The employees of a Turkish online food business yelled with joy after the chief executive of the company handed them bonuses totalling $36.8 million earlier this year.
In the latest example of generous bonuses for employees, the founder of Yemeksepeti.com, Nevzat Aydin, gave the profits of the sale of his $802.3 million business to his 114 staff following the sale of the company to Delivery Hero, a German-based takeaway and delivery website.
When split between them, the bonuses meant each staff member walked away with an average of around $323,000.
Aydin told Hurriyet Daily News about the bonuses, estimated to be the equivalent of about 150 times a worker’s average yearly wage, prompted elated screams and other expressions of gratitude among staff, which in turn delighted him.
“It was a good thing; I wish we could have given them more,” he said.
“We did this because if there is a success, we have accomplished it altogether.”
Aydin also said the profit distribution was the first of its kind in Turkey and could set a “bad example” for other companies who might be afraid of the precedent.
Strategy and governance manager at Change Factory, Mike Dwyer, told SmartCompany this morning Aydin is a good example of someone who had been able to leverage technology and expert help to build his business, which made it attractive as an acquisition.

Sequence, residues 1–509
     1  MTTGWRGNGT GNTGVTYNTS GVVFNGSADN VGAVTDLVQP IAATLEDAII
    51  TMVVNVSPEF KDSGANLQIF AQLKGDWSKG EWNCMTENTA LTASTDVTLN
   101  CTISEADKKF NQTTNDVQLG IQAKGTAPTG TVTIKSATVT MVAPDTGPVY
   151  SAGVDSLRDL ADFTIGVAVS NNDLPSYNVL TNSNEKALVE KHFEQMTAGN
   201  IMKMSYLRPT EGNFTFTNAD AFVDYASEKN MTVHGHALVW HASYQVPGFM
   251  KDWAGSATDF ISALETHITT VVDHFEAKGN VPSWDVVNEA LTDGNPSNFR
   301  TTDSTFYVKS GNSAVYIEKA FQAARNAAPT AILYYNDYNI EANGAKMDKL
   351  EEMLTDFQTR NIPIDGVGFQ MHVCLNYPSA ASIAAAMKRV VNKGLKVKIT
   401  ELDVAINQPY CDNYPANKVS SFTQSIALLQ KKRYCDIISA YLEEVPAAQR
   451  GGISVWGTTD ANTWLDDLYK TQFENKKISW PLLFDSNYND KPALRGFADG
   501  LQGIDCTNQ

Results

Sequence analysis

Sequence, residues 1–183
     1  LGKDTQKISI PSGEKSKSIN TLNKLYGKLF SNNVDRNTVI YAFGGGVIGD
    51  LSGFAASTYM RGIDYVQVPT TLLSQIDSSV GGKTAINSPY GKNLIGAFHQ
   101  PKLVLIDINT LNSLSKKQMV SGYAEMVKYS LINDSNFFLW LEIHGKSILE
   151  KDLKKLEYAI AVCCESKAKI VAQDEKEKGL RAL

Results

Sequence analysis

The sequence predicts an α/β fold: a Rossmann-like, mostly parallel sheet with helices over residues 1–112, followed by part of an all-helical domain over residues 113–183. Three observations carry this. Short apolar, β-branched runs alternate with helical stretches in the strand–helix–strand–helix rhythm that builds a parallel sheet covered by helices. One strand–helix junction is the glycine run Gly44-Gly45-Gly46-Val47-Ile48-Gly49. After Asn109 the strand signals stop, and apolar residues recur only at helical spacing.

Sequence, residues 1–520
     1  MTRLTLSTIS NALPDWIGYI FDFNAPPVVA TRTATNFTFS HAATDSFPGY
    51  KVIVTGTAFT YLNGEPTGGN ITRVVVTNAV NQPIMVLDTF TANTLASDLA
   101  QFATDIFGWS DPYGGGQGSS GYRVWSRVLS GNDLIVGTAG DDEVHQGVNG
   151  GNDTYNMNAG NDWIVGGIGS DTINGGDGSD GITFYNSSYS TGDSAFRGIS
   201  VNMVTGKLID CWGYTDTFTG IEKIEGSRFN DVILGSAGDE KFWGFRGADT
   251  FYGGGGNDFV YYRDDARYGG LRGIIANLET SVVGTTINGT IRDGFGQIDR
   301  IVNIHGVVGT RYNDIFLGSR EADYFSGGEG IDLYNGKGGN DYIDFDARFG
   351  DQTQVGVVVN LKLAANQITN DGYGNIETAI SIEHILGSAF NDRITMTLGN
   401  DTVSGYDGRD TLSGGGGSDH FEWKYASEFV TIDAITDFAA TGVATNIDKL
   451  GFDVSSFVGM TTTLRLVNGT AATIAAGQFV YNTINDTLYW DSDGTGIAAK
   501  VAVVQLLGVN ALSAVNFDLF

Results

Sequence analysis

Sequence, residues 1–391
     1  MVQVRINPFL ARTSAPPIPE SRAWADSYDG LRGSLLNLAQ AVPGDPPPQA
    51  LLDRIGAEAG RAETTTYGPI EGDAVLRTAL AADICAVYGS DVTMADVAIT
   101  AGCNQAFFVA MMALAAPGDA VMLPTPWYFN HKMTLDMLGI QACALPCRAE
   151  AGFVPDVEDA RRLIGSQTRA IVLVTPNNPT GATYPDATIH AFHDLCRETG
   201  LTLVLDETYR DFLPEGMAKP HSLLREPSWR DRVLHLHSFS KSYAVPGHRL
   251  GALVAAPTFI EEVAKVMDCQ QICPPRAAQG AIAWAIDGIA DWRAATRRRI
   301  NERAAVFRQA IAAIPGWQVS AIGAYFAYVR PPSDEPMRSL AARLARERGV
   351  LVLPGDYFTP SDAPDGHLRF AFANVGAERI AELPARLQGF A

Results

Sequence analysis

“I think it’s a reflection of the democratisation of talent around the world,” he says.
Dwyer believes the extravagant bonus represents a shift towards a “new world order” where small disruptive teams are challenging how things were done.
According to Dwyer, globalisation has made it much easier for entrepreneurs to find like-minded people and realise they could do things differently.
“As far as creating precedence, it is most likely to create precedence among like-minded people,” he says.
But Dwyer says big business was also shaking things up when it came to the way things were traditionally done, including doing things like scrapping performance reviews.
Dwyer says there are huge changes taking place in the ways big companies approach things as they worked to embed “agile methodologies”.
“We’re at the very beginning of a potentially far reaching revolution in the way larger companies treat their staff and view their staff in terms of their contribution to the company’s success,” he says.
For Dwyer, it is less about big companies being resistant to the changing tide and more that the “ship is that much bigger and so much harder to turn”.
“Small businesses are in more of leadership position, but because they’re small not necessarily smarter or more innovative,” he says.